Should Marijuana-Related Crimes Be Expunged?

Many states are legalizing recreational marijuana. One of the biggest ideas has been to let everyone who was arrested for possession out of jail — and then subsidize starting a marijuana business for those individuals. Others go beyond “good ideas” and want legal action taken to expunge the records of those who were convicted of non-violent marijuana-related offenses. It’s not hard to figure out why. Society is starting to consider marijuana arrests, both past and present, as silly.

A bipartisan bill drafted by Republican Representative Dave Joyce of Ohio and Democratic Representative Alexandria Ocasio-Cortez of New York would fund these expungement programs at the state level.

Even this is difficult, though, because the government still classifies the drug as Category I — which, right along with heroin, is the most dangerous classification a drug can possess. Of course most of us know that the reasons behind these classifications are hardly scientific. No, they’re political.

Senate Majority Leader Chuck Schumer (D-NY) agrees. He tweeted, “The message across the country is clear: The vast majority of Americans support legalizing marijuana. @RonWyden, @SenBooker, and I are working to pass our Cannabis Administration and Opportunity Act to end the federal prohibition and repair the harm done by the War on Drugs.”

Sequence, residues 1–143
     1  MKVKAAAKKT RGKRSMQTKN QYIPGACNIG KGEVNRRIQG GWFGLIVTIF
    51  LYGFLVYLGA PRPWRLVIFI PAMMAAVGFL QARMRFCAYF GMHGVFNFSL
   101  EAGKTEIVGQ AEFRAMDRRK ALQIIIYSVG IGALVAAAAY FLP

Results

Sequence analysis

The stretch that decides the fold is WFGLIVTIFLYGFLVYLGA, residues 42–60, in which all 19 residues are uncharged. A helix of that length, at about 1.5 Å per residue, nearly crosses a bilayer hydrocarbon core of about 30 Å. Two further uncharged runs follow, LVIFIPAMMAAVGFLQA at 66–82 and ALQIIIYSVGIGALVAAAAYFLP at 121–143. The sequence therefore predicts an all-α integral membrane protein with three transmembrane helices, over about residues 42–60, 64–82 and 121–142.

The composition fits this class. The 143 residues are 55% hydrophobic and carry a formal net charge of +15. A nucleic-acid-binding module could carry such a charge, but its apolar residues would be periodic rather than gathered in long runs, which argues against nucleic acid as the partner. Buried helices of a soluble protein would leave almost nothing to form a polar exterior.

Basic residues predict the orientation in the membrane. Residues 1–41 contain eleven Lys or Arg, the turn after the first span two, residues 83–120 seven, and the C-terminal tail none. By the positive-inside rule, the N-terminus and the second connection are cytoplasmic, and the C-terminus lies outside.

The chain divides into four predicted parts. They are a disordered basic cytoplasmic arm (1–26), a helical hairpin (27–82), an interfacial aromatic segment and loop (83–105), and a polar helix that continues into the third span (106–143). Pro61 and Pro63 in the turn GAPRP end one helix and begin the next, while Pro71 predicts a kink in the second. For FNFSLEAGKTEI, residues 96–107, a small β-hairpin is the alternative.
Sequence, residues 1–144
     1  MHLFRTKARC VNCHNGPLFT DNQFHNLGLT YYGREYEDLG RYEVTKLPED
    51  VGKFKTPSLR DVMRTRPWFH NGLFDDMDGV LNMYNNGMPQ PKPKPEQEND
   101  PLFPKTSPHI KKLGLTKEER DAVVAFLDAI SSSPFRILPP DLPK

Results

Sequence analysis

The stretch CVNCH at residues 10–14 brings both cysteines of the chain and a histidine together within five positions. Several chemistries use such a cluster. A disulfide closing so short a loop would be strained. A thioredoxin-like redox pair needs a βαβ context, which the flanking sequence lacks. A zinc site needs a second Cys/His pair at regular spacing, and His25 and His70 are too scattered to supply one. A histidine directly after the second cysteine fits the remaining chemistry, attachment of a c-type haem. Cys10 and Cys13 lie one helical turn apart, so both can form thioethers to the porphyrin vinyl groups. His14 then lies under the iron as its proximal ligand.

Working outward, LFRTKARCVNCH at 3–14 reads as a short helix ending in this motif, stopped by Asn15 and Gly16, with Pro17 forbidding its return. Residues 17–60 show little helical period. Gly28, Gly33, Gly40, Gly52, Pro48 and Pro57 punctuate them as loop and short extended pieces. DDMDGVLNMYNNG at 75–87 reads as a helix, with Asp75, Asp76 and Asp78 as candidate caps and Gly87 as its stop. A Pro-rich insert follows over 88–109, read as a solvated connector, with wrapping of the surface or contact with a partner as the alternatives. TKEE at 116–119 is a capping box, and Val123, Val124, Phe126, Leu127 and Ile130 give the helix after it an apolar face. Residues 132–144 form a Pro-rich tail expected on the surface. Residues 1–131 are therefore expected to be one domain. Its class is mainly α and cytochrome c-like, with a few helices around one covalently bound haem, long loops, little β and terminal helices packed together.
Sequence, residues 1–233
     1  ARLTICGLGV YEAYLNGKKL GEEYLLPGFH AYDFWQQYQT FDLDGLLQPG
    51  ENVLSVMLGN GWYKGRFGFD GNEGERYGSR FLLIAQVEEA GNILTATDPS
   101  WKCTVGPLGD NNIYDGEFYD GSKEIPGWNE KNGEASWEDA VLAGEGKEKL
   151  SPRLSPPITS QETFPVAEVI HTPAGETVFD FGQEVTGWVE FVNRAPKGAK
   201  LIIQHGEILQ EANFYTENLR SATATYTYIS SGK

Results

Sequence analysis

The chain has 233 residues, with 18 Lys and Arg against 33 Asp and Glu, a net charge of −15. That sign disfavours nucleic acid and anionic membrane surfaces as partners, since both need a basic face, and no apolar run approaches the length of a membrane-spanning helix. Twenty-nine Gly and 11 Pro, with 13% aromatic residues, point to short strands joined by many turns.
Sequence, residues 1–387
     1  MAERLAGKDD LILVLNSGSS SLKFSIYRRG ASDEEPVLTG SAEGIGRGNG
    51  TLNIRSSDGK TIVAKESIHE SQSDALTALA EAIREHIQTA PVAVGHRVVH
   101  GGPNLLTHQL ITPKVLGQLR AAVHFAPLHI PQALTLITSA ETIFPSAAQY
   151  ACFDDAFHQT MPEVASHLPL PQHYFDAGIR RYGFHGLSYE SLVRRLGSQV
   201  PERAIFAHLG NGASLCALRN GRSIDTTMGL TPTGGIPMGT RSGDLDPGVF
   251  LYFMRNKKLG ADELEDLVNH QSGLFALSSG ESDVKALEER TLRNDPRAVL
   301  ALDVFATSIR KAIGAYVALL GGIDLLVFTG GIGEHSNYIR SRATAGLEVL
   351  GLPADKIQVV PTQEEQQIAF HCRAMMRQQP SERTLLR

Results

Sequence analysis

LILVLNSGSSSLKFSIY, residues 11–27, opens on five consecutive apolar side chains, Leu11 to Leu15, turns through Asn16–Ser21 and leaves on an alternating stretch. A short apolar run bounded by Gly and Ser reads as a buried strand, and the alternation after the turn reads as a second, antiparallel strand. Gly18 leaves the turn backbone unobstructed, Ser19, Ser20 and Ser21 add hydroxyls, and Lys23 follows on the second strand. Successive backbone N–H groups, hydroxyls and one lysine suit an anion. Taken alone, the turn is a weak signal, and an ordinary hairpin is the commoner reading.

The war, of course, was an abysmal failure — unless its underlying goals involved putting an enormous number of disproportionately African Americans in jail for non-violent crimes. 

Naturally, others have raised concerns to the presented legislation. Senator Robert Portman (R-OH) worries that marijuana will be laced with fentanyl to become much more dangerous than it is right now. 

And Representative Jay Obernolte (R-CA) tweeted his concern for “illegal marijuana operations in California that are stealing our water, inserting harmful pesticides into our ecosystems, and wreaking havoc on our public lands.”

It’s amazing how worried Republican representatives suddenly become regarding the environment when recreational marijuana filters into the debate! 

We’ll see where the legislation goes. But it seems unjust to continue putting people in jail for non-violent crimes that most states no longer criminalize.